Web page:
Warner Bros.' Kevin Tsujihara: 'We're Going to Build a Film Franchise' Around New 'Harry Potter' Series
The CEO addresses the just-announced J.K Rowling partnership at a Beverly Hills conference Thursday, adding that Ben Affleck's Batman will be "tired, and kind of weary and seasoned."
Warner Bros. CEO Kevin Tsujihara touted the studio's new partnership with Harry Potter author J.K. Rowling Thursday.
“The hope is that we’re going to build a film franchise” that will impact a lot of the studio's businesses, Tsujihara told a room full of Wall Street analysts.
Tsujihara also called Ben Affleck “perfect” for the next Batman, who he said will be “tired, and kind of weary and seasoned" in an untitled sequel to Zack Snyder's Man of Steel that will feature both Batman and Superman.
"Ben is perfect for the vision Zack has for that character. The fact that you saw such a passionate response in the blogosphere is really kind of a testament to the love that people have for this character," he said.
Tsujihara said several more DC superhero-related announcements are set "for the coming months," involving video games, consumer products, television and film.
"DC really does touch a lot of parts of our business and is an important part of the strategy in how we're going to grow going forward," he said.
Tsujihara made the comments at the Bank of America Merrill Lynch 2013 Media, Communications & Entertainment Conference in Beverly Hills.
Rowling’s movies will feature Newt Scamander, who is portrayed in the Harry Potter books as the author of Fantastic Beasts and Where to Find Them, a Hogwart’s textbook. The films will be set -- at the outset, at least --70 years prior to Harry Potter.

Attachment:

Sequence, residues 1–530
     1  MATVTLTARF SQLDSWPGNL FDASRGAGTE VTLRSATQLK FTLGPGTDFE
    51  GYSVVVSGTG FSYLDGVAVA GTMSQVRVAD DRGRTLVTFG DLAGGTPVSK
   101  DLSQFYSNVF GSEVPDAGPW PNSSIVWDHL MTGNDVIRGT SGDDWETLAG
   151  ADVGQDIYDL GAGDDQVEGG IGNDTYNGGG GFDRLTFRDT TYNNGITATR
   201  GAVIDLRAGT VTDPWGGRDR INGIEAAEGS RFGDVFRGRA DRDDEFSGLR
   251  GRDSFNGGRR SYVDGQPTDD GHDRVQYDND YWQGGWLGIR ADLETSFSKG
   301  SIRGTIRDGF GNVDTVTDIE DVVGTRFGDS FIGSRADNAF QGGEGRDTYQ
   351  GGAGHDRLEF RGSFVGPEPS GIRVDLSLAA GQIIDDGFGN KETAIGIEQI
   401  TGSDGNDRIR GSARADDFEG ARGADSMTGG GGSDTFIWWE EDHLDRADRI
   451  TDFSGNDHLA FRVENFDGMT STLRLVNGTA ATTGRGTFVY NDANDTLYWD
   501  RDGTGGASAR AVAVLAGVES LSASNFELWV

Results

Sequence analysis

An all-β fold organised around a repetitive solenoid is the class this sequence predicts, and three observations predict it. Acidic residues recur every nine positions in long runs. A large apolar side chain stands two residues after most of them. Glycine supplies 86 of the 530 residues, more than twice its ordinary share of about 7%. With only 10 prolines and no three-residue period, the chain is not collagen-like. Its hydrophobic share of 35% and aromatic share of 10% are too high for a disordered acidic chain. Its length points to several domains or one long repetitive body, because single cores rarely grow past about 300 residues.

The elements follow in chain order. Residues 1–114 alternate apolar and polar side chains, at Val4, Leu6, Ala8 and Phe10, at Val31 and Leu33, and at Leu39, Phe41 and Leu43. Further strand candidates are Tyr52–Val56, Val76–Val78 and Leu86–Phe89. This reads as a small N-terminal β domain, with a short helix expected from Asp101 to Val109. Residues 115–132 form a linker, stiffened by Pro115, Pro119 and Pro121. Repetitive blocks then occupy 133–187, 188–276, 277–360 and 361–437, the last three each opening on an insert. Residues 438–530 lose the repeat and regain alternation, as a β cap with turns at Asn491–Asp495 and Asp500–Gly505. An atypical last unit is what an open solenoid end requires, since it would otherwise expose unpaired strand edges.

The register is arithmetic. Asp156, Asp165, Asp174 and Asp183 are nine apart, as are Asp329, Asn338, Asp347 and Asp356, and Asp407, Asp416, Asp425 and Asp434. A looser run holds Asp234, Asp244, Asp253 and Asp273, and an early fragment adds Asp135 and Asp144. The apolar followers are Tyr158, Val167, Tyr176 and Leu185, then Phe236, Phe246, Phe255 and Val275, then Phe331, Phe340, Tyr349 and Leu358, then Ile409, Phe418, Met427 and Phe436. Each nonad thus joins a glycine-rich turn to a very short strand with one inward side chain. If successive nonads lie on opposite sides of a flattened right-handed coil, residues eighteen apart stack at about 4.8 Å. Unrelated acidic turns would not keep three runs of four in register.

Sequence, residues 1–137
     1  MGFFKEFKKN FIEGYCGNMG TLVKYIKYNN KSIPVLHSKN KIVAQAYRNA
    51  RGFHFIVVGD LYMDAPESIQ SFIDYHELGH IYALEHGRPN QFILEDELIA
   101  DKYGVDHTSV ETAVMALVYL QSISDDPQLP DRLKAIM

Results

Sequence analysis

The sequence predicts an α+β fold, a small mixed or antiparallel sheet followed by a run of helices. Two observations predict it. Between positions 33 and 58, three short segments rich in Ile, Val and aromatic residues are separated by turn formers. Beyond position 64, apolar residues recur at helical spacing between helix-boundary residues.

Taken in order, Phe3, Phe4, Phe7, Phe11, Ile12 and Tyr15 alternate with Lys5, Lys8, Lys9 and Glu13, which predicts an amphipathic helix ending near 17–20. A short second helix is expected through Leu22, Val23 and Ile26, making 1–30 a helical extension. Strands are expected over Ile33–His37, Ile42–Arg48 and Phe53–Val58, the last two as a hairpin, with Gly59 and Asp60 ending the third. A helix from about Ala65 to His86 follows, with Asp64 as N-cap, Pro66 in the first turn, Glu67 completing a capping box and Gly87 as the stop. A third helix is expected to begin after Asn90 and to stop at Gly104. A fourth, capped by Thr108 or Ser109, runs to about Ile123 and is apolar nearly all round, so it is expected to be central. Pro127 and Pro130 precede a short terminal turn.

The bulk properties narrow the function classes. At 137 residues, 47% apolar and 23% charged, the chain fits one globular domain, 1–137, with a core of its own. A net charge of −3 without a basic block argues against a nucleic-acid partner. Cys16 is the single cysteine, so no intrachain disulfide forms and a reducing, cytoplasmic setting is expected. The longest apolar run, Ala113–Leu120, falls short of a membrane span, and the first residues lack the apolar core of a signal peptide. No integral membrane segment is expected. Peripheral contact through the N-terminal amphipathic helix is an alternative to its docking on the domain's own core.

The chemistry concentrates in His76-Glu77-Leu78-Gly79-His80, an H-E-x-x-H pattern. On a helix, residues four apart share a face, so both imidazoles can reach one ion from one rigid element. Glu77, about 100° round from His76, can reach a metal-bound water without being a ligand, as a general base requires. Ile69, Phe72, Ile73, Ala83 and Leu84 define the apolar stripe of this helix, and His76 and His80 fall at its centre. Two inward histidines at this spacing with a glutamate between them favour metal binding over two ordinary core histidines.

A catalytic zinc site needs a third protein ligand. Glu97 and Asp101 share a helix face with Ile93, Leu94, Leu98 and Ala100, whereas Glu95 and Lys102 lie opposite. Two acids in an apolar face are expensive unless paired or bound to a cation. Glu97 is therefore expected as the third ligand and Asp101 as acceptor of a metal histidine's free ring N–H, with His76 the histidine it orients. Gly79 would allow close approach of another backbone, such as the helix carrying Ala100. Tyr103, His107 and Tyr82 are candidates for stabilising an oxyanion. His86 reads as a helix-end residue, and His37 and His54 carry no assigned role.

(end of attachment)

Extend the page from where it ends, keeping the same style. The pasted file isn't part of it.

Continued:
Tsujihara said Fantastic Beasts won’t only be a film series, but also a video game and an attraction within the Wizarding World of Harry Potter at theme parks run by Universal Parks and Resorts.
He wouldn't commit to more than one film, but made it clear that the intent is for it to draw a big audience and warrant sequels and a franchise tag. He called the project "incredibly important."
"The life-blood of the studio is the content," Tsujihara said. "We've had a long, long relationship with Clint Eastwood, Peter Jackson, Chris Nolan, Todd Phillips, Zack Snyder, and you want to make sure you can create a culture where they want to work."
On the TV side, Tsujihara boasted about selling Westworld and The Leftovers to HBO, which, like Warner Bros., is an asset of Time Warner.
"I'm really, really excited and happy we sold our first two pilots to HBO," he said. "That was really about the culture of the companies changing, and kind of the dynamics between our two divisions are changing, and I'm really excited about that opportunity because selling to premium cable and to cable is important."
He said Mike and Molly in 2014 and Two Broke Girls in 2015 are "the big ones" when it comes to syndication plans in the near future.
Tsujihara also reiterated a goal of earning at least 10 percent of Warner Bros.' profits off of video games.
"We're by far the biggest -- probably the only studio -- that's making money on the games side like this. It's a business that we built from scratch," he said. "We are on track to having a great year in games."
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